Sterling was ‘broken’ in the 1970’s and the U.K. Government had to go to the IMF for a loan – check out “Decline to Fall: The Making of British Macro-Economic Policy and the 1976 IMF Crisis, Douglas Wass, 2008”.  That was a low point for the UK. The pound was again ‘broken’, perhaps more famously, by George Soros during ‘black Friday’ when the UK was forced to leave the Exchange Rate Mechanism (ERM), a pegged exchange-rate system that preceded the single currency, the euro. 

Clearly the PBOC won’t use up all its reserves. So the question becomes: what is the level at which the market expects massive red flags? Perhaps a leading indicator to watch are the monthly reported FX outflows from the PBOC. As that ramps up, the red flags will start to fly. And they won’t be the party flags of choice- they will be the economic panic flags that none of us want to see.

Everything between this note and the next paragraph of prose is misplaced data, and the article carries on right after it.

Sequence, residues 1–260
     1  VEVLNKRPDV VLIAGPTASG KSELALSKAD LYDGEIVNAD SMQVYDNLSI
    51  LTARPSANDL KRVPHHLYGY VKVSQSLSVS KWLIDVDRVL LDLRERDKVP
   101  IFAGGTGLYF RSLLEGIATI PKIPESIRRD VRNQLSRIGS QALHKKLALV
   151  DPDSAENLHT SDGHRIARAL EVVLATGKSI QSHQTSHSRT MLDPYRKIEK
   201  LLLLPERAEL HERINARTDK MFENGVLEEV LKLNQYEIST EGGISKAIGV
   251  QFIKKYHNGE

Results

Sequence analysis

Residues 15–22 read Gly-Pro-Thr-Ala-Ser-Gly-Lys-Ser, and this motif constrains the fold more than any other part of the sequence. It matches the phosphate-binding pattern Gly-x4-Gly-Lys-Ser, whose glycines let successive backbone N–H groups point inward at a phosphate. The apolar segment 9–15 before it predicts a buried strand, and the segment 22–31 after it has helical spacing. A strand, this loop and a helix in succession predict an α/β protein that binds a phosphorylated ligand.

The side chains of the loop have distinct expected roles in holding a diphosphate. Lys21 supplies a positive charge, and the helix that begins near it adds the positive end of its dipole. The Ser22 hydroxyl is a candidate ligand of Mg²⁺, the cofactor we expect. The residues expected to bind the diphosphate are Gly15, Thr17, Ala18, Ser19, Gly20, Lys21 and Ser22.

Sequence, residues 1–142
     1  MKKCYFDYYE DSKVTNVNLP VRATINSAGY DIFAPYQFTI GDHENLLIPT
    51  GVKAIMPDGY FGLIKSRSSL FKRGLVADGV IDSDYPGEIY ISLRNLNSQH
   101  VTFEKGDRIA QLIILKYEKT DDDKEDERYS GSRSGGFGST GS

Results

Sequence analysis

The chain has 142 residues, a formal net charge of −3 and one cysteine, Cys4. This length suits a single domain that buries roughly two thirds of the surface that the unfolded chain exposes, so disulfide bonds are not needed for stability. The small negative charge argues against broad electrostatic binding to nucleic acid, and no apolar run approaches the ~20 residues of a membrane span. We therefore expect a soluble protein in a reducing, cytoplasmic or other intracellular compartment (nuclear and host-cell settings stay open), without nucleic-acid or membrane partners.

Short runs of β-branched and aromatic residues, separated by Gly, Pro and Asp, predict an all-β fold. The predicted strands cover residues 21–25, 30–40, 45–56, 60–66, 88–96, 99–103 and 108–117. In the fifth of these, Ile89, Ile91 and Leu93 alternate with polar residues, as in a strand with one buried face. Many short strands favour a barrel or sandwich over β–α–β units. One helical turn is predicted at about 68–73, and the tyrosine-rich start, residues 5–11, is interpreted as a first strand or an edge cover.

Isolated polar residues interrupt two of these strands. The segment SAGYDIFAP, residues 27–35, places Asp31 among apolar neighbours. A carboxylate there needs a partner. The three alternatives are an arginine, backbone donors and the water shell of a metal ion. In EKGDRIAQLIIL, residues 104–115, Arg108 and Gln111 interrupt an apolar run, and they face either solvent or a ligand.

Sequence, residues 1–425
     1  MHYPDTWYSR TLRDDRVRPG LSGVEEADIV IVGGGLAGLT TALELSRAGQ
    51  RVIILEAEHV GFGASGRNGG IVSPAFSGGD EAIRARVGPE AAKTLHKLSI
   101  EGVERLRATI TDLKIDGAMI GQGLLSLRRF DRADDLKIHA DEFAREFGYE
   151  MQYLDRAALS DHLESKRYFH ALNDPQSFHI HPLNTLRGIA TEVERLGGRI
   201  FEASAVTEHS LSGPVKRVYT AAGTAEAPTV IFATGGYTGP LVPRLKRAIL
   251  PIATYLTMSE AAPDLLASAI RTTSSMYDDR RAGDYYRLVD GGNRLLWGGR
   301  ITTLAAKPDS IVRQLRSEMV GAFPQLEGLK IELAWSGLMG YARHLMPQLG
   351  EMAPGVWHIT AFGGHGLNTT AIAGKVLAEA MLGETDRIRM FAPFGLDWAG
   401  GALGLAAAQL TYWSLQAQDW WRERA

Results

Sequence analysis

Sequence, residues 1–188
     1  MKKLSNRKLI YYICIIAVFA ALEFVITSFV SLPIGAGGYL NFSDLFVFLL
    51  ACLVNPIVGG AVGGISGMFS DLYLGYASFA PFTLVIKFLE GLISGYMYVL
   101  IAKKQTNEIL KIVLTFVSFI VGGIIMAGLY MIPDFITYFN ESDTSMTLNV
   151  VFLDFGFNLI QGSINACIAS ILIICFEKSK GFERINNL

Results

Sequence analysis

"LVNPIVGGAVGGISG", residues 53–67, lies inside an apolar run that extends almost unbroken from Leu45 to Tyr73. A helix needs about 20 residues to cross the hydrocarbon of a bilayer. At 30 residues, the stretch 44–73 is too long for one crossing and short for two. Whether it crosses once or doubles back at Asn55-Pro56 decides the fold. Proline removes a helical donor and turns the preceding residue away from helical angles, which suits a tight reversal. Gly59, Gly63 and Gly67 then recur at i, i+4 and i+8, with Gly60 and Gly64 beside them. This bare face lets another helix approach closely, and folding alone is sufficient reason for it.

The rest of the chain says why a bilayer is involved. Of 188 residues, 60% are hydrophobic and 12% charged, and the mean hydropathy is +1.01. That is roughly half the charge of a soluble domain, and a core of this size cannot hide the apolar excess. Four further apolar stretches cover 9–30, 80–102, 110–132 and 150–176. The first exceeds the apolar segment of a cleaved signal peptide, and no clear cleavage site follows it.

Fear Concerning Chinese Reserves Mount

If you didn’t notice, there are increasing concerns reported in the media about Chinese FX reserves.  It all started a year ago or so when the PBOC’s reported FX reserves showed a slowing of accumulation, and then a slow but progressive fall.  The figure peaked at around $4tn but has since been reported at just over $3tn.  It seems a lot, $3tn, but it has fallen quite fast and the use of the reserve has been in favor of helping the slow but inexorable fall of the yaun, especially against the dollar.  To help the Chinese authorities even changes the way their currency was valued, using a basket of currencies that should have muted the dollars’ rise.  Even that has not helped.